The new year is a great time to get a cash-back credit card if you don’t already have one. With a lot of extra expenses around the holidays, we could all use a little bit of money back on our purchases. Whether you’re shopping online or in stores, you can get at least 2% back across all categories with a card like the Wells Fargo Active Cash. It might not sound like a lot, but when you add it all up at the end of the month you might be surprised. Plus, most cash back cards come with additional perks and don’t have an annual fee. So as long as you don’t go over budget there’s only upside to having one in your wallet.


We chose our best cash-back credit cards based on the total value they offer based on certain spending categories, preferences (flat rate versus rotating categories), sign-up bonuses, rewards rate and other features like no-interest offers for new purchases and balance transfers. Because everyone has a different idea of what they want from a credit card, we included as many different angles and issuers as possible.

While most cash-back credit cards don’t charge an annual fee, we included a few that do, but only because the card issuers offer enough value to make up for the fee on an ongoing basis. As you consider which card is right for you, compare these cards, as well as other top credit card offers, to make sure you get the best fit for you.

Types of Cash Rewards Credit Cards

Unlike travel rewards credit cards, you don’t have to be a pro at playing the credit card game to benefit. Cash-back cards are user friendly and rewards are easy to keep track of. These cards typically fall into one of the following categories.

  • Flat rate: A flat rate card usually offers 1%–2.50% back on all purchases, whether you buy a trip to Italy or a gallon of milk. The benefit of flat-rate cash back is that you can keep a minimal wallet and have an easier time keeping track of your credit card spending.
  • Tiered: With tiered cards, the cash-back rewards vary based on what you purchase. A tiered card might offer a flat 1% cash back on the majority of purchases and 3% back on gasoline spending, for example. Many times, the higher-earning tier is capped. A tiered card can help you earn more, as long as you select a card that rewards you the most for what you spend the most on.
  • Rotating categories: Credit cards with rotating cash-back categories usually have a set 1% cash-back rate and then a higher rate, like 5% back on select categories that rotate every quarter of the year. For example, you might earn 5% back on all grocery purchases in the first quarter and then 5% at big box stores the next quarter.

Common Cash Rewards Categories

New cards are released frequently and some issuers like to get noticed with attention-grabbing interest-free promotions, rebates on rideshares and cash-back offers, like offering 6% back for your favorite streaming service. 

Most cards, however, offer year-round cash rewards in the same core categories:

  • Supermarkets: This doesn’t typically include warehouse stores like Costco, but it adds up if you cook at home a lot. (Spending at U.S. supermarkets only for American Express cards)
  • Dining: This usually includes eating at restaurants, but some cards include takeout and delivery.
  • Gas stations: If you commute a lot or just like road trips, look for this category. (Spending at U.S. gas stations only for American Express cards)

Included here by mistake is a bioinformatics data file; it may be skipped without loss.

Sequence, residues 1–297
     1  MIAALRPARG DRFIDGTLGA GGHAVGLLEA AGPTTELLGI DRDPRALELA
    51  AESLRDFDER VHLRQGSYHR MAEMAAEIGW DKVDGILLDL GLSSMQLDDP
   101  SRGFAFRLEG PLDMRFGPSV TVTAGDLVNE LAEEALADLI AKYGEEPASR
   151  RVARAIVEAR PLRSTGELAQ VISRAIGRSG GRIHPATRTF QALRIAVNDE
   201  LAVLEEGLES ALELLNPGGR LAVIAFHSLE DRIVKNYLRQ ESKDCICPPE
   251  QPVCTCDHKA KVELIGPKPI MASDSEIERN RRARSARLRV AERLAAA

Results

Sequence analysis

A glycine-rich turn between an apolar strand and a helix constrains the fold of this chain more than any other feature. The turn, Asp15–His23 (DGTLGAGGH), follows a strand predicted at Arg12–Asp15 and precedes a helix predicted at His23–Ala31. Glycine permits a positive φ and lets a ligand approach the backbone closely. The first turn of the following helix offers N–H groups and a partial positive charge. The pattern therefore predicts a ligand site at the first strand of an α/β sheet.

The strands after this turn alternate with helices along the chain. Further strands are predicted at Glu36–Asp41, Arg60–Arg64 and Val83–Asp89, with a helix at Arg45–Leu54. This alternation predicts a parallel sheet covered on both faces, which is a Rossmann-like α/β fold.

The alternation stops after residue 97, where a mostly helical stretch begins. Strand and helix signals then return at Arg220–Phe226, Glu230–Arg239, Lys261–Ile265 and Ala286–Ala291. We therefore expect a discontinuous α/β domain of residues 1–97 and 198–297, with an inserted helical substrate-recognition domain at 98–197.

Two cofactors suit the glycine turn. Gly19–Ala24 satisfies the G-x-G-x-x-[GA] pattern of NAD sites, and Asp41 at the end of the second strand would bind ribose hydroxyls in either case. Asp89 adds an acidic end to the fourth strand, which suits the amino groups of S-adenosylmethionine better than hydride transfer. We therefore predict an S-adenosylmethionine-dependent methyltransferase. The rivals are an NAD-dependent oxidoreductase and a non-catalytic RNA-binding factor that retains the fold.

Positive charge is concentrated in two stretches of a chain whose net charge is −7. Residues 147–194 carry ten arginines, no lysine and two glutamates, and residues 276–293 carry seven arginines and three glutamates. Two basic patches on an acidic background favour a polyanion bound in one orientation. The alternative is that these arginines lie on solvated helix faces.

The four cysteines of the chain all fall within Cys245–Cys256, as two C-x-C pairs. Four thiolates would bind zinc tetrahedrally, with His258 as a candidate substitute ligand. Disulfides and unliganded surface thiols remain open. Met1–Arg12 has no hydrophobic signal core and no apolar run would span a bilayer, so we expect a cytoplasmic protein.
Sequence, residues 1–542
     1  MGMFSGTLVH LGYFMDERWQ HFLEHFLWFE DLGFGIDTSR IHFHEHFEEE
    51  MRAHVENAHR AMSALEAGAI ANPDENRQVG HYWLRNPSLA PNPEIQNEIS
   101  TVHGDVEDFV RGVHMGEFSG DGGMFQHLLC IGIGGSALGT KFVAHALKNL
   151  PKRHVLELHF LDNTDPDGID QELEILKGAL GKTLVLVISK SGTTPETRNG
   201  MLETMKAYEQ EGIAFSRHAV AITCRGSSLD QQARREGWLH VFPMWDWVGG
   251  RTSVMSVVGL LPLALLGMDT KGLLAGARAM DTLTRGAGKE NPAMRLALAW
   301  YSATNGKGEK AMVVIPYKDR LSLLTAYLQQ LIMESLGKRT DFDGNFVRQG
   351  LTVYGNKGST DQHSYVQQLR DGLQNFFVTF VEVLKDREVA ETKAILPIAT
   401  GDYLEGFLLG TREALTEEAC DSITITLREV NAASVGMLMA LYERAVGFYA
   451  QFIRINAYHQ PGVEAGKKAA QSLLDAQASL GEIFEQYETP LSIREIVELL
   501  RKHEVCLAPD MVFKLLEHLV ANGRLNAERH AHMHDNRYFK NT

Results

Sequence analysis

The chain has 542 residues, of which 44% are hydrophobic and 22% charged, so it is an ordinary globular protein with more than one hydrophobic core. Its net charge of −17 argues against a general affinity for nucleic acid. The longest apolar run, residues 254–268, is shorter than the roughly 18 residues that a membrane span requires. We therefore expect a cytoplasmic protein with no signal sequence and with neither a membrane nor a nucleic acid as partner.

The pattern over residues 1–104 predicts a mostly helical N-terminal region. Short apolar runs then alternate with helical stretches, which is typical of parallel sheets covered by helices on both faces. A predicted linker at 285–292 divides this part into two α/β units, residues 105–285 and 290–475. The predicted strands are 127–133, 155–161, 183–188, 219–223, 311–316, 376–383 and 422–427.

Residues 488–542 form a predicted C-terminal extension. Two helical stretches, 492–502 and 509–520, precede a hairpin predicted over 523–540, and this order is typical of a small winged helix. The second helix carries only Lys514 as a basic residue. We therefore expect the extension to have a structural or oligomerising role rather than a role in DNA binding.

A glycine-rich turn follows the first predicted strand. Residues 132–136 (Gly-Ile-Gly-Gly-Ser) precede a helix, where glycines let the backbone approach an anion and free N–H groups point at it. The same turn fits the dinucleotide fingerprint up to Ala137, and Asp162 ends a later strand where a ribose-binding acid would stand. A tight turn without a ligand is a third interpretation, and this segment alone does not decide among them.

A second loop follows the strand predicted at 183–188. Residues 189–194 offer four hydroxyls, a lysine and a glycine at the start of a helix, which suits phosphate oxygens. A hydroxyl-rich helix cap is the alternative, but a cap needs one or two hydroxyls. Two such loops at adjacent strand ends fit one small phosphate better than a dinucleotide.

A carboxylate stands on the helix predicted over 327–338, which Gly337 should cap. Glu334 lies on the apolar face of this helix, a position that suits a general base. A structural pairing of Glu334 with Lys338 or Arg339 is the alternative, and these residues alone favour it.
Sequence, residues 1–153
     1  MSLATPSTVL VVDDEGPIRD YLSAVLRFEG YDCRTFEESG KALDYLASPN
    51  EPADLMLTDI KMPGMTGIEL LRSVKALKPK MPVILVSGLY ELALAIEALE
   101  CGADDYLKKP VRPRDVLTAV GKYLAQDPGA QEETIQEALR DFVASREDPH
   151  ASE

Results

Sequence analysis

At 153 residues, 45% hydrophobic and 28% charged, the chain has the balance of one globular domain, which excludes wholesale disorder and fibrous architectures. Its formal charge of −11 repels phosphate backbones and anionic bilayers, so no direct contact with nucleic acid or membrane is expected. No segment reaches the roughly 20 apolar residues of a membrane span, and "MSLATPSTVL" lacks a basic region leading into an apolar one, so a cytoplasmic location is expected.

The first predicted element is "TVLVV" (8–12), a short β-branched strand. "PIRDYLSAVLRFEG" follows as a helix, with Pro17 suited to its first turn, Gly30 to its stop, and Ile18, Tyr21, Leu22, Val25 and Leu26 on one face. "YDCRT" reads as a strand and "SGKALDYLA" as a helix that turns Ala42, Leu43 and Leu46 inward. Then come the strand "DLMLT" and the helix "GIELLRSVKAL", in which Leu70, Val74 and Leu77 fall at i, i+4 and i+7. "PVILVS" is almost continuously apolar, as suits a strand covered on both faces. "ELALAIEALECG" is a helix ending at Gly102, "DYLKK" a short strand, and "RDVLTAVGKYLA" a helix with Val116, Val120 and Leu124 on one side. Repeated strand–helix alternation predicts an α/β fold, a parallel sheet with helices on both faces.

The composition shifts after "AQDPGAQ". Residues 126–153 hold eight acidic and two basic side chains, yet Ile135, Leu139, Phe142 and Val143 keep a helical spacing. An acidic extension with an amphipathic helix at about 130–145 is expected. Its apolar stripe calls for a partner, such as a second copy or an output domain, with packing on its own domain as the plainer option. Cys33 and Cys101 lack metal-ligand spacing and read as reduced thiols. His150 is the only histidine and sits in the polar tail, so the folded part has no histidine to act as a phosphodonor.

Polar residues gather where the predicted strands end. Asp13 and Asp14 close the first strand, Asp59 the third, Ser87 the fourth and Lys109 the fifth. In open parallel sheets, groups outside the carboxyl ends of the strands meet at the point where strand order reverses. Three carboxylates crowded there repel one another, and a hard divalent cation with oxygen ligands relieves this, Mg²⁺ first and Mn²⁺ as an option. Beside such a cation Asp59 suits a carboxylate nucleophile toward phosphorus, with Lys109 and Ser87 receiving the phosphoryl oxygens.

• Travel: You don’t always need the fanciest travel card to earn decent rewards on your travel spending, though you might get higher rates with a travel card.
  • Rideshares: Some cards offer the ability to earn cash back on your Uber or Lyft spending, and some come with credits or other rideshare promos.
  • Online shopping: This could include Amazon spending, depending on the card, or could apply to a wider range of online shopping.
  • Entertainment: This could include visits to amusement parks or streaming services, depending how the card sets its categories.

Quick Tip

Shopping at big box stores like Walmart, Target and Costco is usually excluded from supermarket categories. Always check the fine print before you sign up for a card to help maximize your rewards.

To find the best cash-back credit card, keep track of your spending to discover where you spend the most. If you spend more on restaurants than groceries each month, look for cards that give you more back for dining out. If your spending is even throughout the cash-back categories, then an unlimited, flat-rate cash-back card might be a better fit.

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How to Compare Cash Rewards Credit Cards

Keep an eye on these factors as you search for the right cash-back credit card for you.

Annual Fee

If the card has an annual fee, consider if the perks make paying that expense worthwhile. Some annual fees seem expensive up front, but when you calculate how much cash back you can earn, along with other perks, you might decide it’s worth paying. Remember, even if a card has $1,000 worth of perks that make a $250 annual fee seem worth paying for, it’s only worth it if you actually use those perks. Plus, many no-annual-fee cards offer a lot of value.

Bonus Offer

Sign-up bonuses sweeten the pot. However, make sure you can afford to meet the requirements to earn the bonus. If spending $4,000 in three months will put you into financial hot water—or even just lead you to spend more than you need to—look for a card with a lower bonus offer spending requirement.


How easy is it for you to redeem your cash back? Look for cards that make it easy to transfer your rewards to your bank account or will let you spend them somewhere you shop frequently for the same redemption rate.

Intro APR

If you’re planning to make a big purchase soon, keep it in mind as you shop around for the right credit card. A 0% intro APR offer can save you money on interest and give you more time to pay off your purchases. Some cards offer similar deals for balance transfers, which can be helpful if you’re looking to consolidate a debt.